We didn't stop at the Palin compound in Wasilla, as it would have meant an unscheduled detour for the rest of the passengers, but I understand better now why she is in favour of hunting. The only place in Alaska where I noticed obvious suppport for the right to bear arms, was in Wasilla. See the store in the photo, and photo I snapped of the window sticker on a car stopped next to us at the traffic light.

Supporting hunting isn't an opinion I would normally share. But carrying a gun? Maybe. After two weeks of hiking and camping in Alaska, and seeing moose and grizzlies and caribou, I might have been happier if our guide had had a weapon with him, rather then just two cans of bear guard.

This young grizzly bear was just outside my bus in Denali National Park. Shoot him? For sport? No. But to protect yourself? It's done here. And reported about in the news. They also quote the experts who often say never to shoot a charging grizzly, since it will hurt the bear, and probably make them madder. Bear attacks are big news here, too. A police officer recently used a taser on one in Anchorage and is in hot water for doing so.

The local TV News station KTUU covers bear attacks and reports stories about education and hiking safety, while Anchorage Daily News's ADN.com has a section for people to submit information about bear sightings on their main webpage.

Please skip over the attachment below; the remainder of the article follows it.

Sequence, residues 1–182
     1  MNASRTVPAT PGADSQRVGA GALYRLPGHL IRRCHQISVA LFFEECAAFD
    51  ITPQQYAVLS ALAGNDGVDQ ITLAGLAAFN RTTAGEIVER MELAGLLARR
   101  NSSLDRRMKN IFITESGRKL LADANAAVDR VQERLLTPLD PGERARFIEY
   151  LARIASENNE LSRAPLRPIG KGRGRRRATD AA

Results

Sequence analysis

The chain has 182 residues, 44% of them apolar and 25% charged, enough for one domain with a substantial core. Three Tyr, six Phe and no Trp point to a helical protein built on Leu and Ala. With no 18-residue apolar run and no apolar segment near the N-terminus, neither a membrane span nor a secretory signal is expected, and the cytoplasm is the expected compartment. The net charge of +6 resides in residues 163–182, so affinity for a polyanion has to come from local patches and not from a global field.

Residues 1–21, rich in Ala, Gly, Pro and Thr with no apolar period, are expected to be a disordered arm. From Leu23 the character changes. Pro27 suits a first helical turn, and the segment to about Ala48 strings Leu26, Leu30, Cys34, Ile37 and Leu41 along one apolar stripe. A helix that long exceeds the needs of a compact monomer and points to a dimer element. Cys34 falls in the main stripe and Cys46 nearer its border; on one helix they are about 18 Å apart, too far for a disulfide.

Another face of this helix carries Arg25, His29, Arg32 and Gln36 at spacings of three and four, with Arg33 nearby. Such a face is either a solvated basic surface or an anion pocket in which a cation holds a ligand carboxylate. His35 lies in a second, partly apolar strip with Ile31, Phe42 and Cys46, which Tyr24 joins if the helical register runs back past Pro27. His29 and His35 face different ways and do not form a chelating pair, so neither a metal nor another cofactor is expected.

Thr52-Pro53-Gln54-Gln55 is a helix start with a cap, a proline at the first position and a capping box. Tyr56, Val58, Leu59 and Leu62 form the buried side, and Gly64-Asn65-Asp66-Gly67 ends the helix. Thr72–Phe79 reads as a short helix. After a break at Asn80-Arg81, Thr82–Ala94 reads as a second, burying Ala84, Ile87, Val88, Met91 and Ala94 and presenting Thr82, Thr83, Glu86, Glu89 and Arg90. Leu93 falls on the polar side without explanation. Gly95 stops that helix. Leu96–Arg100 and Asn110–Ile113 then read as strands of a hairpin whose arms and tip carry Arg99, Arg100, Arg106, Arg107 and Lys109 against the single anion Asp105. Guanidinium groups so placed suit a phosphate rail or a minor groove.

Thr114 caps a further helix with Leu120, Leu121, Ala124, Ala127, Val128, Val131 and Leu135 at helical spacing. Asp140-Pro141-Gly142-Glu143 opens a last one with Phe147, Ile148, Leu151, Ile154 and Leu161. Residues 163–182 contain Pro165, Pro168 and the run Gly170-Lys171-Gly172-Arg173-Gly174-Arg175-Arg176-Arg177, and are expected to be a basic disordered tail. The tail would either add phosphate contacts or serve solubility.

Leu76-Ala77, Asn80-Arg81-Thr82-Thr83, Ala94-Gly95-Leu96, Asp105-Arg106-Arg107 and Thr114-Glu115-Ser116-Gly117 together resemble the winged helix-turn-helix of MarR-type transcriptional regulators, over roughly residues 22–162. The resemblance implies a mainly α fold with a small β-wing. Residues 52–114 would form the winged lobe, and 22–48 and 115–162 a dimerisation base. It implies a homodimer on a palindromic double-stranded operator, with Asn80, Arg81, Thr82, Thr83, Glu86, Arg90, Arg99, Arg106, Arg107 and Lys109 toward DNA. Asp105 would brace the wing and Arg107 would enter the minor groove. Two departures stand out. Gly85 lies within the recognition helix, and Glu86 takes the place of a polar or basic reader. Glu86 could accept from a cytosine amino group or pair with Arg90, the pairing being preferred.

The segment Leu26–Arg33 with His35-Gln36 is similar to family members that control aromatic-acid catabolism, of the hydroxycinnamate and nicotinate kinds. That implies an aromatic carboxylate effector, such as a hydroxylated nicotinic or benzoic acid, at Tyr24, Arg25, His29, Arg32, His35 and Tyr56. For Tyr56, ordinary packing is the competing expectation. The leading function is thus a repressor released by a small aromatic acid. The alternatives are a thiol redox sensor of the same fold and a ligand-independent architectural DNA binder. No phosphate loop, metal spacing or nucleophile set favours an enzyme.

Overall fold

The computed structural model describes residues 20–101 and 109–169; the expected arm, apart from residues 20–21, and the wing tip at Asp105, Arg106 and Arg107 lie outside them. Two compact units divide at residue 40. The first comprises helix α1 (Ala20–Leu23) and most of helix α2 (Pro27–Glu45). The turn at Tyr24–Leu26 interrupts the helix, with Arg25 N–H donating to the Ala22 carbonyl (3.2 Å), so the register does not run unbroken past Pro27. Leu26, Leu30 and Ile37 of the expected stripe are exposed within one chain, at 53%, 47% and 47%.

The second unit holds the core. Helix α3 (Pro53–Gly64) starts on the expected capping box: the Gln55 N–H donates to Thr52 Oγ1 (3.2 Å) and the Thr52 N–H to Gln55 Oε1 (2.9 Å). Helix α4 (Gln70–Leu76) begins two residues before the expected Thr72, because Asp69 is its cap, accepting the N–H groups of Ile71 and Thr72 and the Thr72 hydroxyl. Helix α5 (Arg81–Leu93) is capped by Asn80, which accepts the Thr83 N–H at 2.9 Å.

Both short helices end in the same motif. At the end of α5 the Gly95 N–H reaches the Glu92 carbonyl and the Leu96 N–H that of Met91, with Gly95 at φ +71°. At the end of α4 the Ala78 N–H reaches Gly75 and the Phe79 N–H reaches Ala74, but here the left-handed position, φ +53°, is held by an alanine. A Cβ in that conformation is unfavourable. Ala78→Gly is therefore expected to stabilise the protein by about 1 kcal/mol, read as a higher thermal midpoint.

It's not just bears who make big news here: salmon do, too, and so does the majestic scenery, 100,000 glaciers, mountains, moose, caribou, waterfalls, and bald eagles soaring overhead. All that beauty and natural resources is amazing, and whether it makes people here believe in God more then elsewhere, or not, it does make the environment a big news story in Alaska. After all, I think it's hard not to be awestruck with the spectacle of Mt. McKinley, the highest peak in North America, at 20,000 ft. plus. Especially seeing it on a clear day, like I did.

Alaskan news organizations spend a lot of time covering the environment and how development could impact it. Be it a new Pebble Mine proposal for Bristol Bay, or global warming being blamed for slow salmon runs, the papers cover stories pitting the "Drill, Baby, Drill" camp against the environmentalists and native Alaskan first nations bands. As well, local papers in Alaska have any news about the British Petroleum oil disaster in the Gulf of Mexico, on their front pages. After all, the Exxon Valdez oil tanker disaster here in 1989 is still very much in readers' minds.

And while papers across the country have news stories about crime and law and order, I saw something in a paper in Alaska that I haven't seen elsewhere: where the Toronto Star or National Post might cover one big crime or manhunt or arrest, in Fairbanks, Alaska, they report the entire contents of the local police blotter each and every day. In the Public Safety Report, they even put the result of the breathalyzer test right in the newspaper, before the suspect has gone to trial. With names and everything! In Canada, my students at Centennial College Journalism school are not permitted to write stories that would place them in contempt of court like that, at least according to Canadian law. The paper does have this disclaimer before the feature: